In the Field: Wilderness Defender Training

By Sara Bergthold, Digital Communications Coordinator for New Mexico Wild

At the intersection where hiking, volunteer service, and technology meet, you’ll find the Dave Foreman Wilderness Defenders Program. 

Dave Foreman

Launched in 2022 in honor of New Mexico Wild Co-Founder and legendary conservationist Dave Foreman, this volunteer program serves as an opportunity for New Mexico Wild’s supporters to get out into some of New Mexico’s finest public lands to collect data on several aspects of a wildland area. Some of this data includes wilderness qualities, access points, ecological impact, and developments. The data Wilderness Defenders collect helps New Mexico Wild determine future protection considerations for these wildland areas and aids us in maintaining an accurate inventory and knowledge of how these public lands are being used (or abused) and managed. 

A map from the 2022 End of Year report showing data points collected by Defenders in the Thompson Peak IRA.

Data collected by our Wilderness Defenders in 2022 has already informed some of the work we are doing to uphold our mission at New Mexico Wild! We have used Wilderness Characteristic data points and photos to reinforce our rationale for obtaining stronger protections for an area currently lacking them. Defenders have mapped out instances of motorized incursion in areas where strictly prohibited. And, they have recorded instances where more signage and stewardship projects are needed, which we hope to implement this season. 

© Esri

On a bright afternoon in early February, several New Mexico Wild staff members met up in the foothills of Albuquerque to learn hands-on how to collect this data as Wilderness Defenders. Will Ribbans, our Wilderness Stewardship & Outreach Manager, provided some prep materials the day before so that we would have the necessary application pre-downloaded on our smartphones for the training.  

Will began the training by giving us an overview of the role of a Wilderness Defender, and then we launched right into learning the ins and outs of the Wilderness Defender’s most important tool: a smartphone app called ArcGIS Field Maps. Will and his team put considerable work into customizing this state-of-the-art app for the Wilderness Defender program. The app is simple to install and, after a few minutes of practice, quite easy to use.

With some guidance from Will, we spent time familiarizing ourselves with the functionality of the app. Field Maps allows Wilderness Defenders to collect data even in offline areas where cell phone service is nonexistent, which is a must when exploring New Mexico’s remote wildlands. The program materials and intuitive app guide you through the easy process of collecting data points and allows you to include photos and take notes on your observations. There’s even a feature that lets you map a user trail route as you walk it! 

Our group then split off to practice the process of collecting data points and mapping user trails on our own. I appreciated the opportunity to look at my surroundings in a new way, closely observing my environment and matching data points to what I saw. It was reminiscent of a scavenger hunt, and I could see how a Wilderness Defender would very quickly develop an expert eye for recognizing the data points they’re looking for in the field!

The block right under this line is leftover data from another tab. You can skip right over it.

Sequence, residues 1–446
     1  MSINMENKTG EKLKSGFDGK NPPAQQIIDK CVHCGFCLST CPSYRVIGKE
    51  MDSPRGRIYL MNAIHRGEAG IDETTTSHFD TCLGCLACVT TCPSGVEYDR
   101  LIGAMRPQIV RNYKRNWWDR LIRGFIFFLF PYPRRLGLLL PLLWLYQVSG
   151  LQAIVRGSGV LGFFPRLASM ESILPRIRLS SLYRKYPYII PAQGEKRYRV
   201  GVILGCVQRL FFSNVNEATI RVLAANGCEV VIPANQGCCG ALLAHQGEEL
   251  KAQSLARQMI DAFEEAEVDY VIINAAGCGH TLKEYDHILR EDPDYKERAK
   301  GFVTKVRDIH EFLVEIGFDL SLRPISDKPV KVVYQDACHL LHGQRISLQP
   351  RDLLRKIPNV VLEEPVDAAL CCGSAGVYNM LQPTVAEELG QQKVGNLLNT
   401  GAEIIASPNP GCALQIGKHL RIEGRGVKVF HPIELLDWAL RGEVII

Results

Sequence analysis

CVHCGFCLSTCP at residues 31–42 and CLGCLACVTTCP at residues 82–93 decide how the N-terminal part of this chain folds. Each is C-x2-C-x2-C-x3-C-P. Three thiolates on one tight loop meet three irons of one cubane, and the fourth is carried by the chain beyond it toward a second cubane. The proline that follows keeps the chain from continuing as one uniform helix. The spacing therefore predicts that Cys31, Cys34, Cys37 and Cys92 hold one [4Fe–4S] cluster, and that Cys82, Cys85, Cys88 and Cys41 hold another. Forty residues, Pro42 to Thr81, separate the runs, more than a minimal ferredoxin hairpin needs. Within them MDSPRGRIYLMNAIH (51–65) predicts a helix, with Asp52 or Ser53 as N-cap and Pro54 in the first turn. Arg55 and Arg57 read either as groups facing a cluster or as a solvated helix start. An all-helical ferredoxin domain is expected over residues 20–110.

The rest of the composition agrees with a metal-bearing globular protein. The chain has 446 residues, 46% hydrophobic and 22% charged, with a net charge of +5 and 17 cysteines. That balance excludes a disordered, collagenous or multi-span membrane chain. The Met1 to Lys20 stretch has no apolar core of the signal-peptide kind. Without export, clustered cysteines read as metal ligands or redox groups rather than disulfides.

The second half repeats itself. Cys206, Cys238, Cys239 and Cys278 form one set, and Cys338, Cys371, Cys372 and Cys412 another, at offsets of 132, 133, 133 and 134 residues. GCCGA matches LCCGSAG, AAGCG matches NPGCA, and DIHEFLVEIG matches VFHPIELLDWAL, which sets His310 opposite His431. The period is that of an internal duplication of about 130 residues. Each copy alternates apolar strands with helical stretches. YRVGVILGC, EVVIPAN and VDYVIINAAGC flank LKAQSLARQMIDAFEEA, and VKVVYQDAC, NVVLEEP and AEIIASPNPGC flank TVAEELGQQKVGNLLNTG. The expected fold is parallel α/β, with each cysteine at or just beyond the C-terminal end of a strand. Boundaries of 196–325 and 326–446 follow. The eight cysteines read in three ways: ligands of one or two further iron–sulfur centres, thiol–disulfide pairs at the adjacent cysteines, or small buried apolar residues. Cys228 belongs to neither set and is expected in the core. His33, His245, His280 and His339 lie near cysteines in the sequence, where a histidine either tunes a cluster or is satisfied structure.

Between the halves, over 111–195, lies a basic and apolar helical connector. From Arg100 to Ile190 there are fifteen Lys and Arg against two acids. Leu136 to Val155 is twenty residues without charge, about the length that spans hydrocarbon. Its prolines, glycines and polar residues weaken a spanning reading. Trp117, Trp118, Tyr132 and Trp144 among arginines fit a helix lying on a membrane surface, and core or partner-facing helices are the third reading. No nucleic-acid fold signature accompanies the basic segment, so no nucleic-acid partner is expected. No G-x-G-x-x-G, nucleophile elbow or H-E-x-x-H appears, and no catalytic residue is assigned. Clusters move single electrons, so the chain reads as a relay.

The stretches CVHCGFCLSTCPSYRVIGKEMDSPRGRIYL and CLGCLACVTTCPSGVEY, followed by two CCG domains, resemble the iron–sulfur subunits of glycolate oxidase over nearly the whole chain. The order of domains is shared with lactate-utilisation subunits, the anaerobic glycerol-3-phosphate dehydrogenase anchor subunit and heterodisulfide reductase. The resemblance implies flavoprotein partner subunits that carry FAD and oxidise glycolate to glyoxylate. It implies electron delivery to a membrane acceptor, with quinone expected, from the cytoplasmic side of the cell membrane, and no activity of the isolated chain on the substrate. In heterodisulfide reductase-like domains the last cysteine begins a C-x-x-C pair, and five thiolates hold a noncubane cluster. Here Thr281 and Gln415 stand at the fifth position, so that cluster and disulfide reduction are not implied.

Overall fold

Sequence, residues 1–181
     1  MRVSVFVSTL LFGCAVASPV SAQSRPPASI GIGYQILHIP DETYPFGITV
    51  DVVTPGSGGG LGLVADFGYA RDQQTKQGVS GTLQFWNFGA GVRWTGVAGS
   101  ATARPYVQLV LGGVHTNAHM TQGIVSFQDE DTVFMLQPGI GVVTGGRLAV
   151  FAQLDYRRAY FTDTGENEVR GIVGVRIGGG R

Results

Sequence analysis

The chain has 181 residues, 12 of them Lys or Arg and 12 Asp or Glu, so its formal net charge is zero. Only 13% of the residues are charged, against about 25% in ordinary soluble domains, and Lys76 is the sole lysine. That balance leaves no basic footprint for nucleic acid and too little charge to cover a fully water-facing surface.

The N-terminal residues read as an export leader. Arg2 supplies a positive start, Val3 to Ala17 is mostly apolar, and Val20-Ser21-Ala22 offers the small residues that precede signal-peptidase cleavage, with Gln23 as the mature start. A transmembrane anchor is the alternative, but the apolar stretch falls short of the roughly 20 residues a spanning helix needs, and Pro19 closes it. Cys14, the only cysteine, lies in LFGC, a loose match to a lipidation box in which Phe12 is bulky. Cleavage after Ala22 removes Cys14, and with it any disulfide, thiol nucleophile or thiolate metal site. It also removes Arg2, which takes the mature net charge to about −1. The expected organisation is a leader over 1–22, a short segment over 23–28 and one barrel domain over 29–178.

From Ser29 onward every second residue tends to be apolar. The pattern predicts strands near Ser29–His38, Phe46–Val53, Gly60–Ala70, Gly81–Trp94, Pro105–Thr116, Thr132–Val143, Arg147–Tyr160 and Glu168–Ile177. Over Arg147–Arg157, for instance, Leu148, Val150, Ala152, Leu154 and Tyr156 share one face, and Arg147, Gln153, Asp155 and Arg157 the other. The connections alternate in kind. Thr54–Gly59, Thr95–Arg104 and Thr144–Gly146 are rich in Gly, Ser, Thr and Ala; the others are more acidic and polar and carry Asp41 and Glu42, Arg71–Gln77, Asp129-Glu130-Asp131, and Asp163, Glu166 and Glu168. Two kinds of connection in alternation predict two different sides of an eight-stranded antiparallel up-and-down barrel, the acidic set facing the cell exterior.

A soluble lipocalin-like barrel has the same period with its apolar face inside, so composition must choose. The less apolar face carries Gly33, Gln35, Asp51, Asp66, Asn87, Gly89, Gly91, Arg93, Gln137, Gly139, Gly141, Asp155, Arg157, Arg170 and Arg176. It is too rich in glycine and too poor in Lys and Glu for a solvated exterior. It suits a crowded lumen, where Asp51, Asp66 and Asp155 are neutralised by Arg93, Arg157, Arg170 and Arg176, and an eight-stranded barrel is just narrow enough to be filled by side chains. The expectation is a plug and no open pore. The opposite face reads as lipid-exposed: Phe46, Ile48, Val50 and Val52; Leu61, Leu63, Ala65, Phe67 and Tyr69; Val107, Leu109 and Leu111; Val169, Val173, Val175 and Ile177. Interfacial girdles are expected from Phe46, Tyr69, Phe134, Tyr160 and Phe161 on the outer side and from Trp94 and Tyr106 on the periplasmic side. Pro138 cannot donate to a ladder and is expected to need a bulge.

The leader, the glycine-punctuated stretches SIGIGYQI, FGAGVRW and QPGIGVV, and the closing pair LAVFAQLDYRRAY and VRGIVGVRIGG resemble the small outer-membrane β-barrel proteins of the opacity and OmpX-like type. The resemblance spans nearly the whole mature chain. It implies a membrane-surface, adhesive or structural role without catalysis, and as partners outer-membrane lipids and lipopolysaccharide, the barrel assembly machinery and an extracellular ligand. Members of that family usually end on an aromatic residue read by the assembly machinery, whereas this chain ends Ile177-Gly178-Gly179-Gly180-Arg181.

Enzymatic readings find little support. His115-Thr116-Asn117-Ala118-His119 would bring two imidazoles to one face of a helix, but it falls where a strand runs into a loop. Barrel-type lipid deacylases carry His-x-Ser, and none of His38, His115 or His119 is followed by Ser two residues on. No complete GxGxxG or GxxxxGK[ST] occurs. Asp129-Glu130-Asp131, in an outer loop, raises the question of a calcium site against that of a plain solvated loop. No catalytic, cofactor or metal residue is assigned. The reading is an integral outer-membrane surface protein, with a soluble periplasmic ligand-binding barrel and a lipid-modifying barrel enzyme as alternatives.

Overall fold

New Mexico Wild staff are all smiles after their Wilderness Defender training. © Lois Manno

Speaking of the field, there are a couple of different ways Wilderness Defenders are matched with a wildland area to monitor. If you love a certain plot of public land that you’d prefer to spend your time exploring, we can usually set you up to monitor that area. We can also match you with an area if you have a geographic preference like mountains or desert, or a distance preference. Sometimes, we have special “missions” we may send Wilderness Defenders on if they’re interested. 

Evidence of illegal chainsaw use is one data point Wilderness Defenders look out for in the field. © Steve Ehrman

Wilderness Defenders explore and monitor their assigned wildland areas independently, so this is a fantastic option for folks looking for volunteer opportunities they can easily work into their schedules. Additional support and training are always available from the New Mexico Wild team. We’ve got over 100 Wilderness Defenders signed up and are always eager to get more hiking boots on the ground! 

Will Ribbans, Wilderness Stewardship & Outreach Manager leading an in-person Wilderness Defender training. ©Tisha Broska

Last weekend, we kicked off a series of in-person training events for new Wilderness Defenders. Join us outside for a few hours and learn how to navigate the Field Maps app, get your questions answered, and connect with fellow Defenders! You can find more info on our upcoming in-person Wilderness Defender training events here.

If self-guided training is more your style, we’ve also created a self-paced training guide, including videos, that will set you up for success and impact in the field as a volunteer Wilderness Defender. 

Ready to join us as a Wilderness Defender? Learn more here and fill out the experience questionnaire to get started! 

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